Archive for April 2nd, 2015

Part 3 in a series of blog posts by guest editor Mr. Ewy, in which he shares with us some of his favorite things.

Art Pepper was a sexual deviant. A convict. A cult member. A junkie. And those are his good traits. But man, that cat could blow!  He was born in 1925 in California.  His mother was a 14 year old runaway, his father a merchant marine.  Perhaps to escape his lot in life, he began playing saxophone at the ripe age of 13 and was soon gigging in the black nightclub district of Los Angeles.

He is often lumped in with the “Cool Jazz” scene of California, but really, his sound owes more to the Kansas City via New York sound of such virtuosos as Lester “Prez” Young and Charlie Parker. He had an incredible improvisational bent and a tone that is still one of the best.  In between bouts of rehab and jail, he produced one of the my favorite jazz records of all time, “Art Pepper Meets the Rhythm Section.”

Origin stories differ around this classic album.  Reportedly he played on a broken saxophone with reeds that weren’t his own. In Straight Life, Pepper purports that he hadn’t played in six months. The album liner notes say it was two, and other recordings he made around the same time, probably place it at five days. Regardless, it should be enjoyed on its own merits as an album with nary a note gone astray.

One thing that we do know as fact is that the rhythm section in question was Red Garland, Paul Chambers and Philly Joe Jones.  Heard of them before? Probably because they were the rhythm section for the Miles Davis (another junkie) Quintet… and they showed up to play on that day. Some of the improv fills by the rhythm section are just as good as the improvs by Pepper himself. Listen to the interplay between Pepper’s sax and the brushes of Philly Joe Jones if you want to hear a tight rhythm section in action.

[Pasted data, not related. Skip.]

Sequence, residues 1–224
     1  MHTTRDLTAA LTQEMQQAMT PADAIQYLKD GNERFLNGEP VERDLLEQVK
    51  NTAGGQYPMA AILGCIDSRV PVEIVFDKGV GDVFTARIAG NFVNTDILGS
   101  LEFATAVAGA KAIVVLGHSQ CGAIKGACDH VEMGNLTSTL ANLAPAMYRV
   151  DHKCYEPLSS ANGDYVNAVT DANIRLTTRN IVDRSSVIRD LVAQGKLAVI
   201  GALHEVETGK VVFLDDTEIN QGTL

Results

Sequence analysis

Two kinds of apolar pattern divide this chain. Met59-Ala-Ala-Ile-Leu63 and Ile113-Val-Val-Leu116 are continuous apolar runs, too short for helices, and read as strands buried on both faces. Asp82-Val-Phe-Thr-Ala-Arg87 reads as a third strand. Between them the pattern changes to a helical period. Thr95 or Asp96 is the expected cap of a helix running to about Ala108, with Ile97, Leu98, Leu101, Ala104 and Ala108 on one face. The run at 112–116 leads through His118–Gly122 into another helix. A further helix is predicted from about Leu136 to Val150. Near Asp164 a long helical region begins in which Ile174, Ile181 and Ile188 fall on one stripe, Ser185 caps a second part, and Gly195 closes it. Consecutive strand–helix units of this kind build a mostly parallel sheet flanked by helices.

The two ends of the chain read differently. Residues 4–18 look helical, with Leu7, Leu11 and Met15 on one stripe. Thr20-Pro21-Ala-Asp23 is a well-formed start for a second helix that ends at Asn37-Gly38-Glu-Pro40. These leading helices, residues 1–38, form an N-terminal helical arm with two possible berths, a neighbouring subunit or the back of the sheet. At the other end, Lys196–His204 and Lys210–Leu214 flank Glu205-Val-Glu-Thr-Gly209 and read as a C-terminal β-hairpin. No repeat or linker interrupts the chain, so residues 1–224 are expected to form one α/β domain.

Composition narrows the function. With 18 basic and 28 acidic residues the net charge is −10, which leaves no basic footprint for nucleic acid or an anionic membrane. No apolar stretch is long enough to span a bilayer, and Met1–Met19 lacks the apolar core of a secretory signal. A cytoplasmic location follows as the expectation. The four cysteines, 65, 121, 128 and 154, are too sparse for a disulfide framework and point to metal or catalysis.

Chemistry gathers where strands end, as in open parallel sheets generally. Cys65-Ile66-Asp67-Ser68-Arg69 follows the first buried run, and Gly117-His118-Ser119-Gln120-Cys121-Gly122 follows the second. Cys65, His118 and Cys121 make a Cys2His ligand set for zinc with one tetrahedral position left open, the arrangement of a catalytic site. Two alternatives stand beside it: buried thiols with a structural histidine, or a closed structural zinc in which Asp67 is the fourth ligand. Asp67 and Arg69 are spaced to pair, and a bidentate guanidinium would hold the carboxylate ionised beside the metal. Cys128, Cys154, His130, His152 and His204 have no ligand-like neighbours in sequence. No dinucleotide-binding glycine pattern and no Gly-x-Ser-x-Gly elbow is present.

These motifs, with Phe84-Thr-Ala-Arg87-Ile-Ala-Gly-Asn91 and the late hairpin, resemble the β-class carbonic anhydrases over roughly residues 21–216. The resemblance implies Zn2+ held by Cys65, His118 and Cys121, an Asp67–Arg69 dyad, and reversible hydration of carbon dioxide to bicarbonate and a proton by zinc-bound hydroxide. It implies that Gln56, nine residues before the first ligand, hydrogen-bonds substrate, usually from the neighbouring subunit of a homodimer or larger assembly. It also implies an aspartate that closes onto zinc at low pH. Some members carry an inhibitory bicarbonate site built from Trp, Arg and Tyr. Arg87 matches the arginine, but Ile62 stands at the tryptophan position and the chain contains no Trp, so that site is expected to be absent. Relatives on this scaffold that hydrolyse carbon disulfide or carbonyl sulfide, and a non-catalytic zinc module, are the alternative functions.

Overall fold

My favorite track is his rendition of Cole Porter’s “You’d be So Nice To Come Home To” (for another great rendition, check Chet Baker’s – one more junkie). One reason I love it so is because even though I had a tin ear and no rhythm, I once wanted to be a jazz saxophonist. My amazing teacher Kevin Burner had me transcribe the entire solo, note by note. I have an appreciation of the song beyond the ordinary and still find myself fingering along when I listen to it.

But back to Art. His was a fascinating life, even though tragic. His book Straight Life is another masterpiece and one that I have read several times. His account of being a musician, junkie, convict, cult member, and ultimately caring husband, is unrelenting and, often time shocking. I read it every couple of years as a reminder of the thin line between genius and madness.

Another thing about Art. Man, that cat could dress! Look at his get up on the cover of “Meets the Rhythm Section”. That color combo tho… the pink shirt, the tan patterned sportcoat combined with the brass of his sax is just stunning especially in relationship to the background. He must have liked that outfit as it is also the one on the original printing of his book. Look at other pictures of him and you can see that his style wasn’t just limited to music.


Don’t trust me?  Just listen to the album on Spotify.  Better yet, buy it on vinyl, place the needle on the record, have a scotch and experience a singular work of art for the first time.

Ben Ewy is a gentleman of fortune and bon vivant living and working in Ann Arbor, MI. Follow more of his exploits on Instagram @benewy


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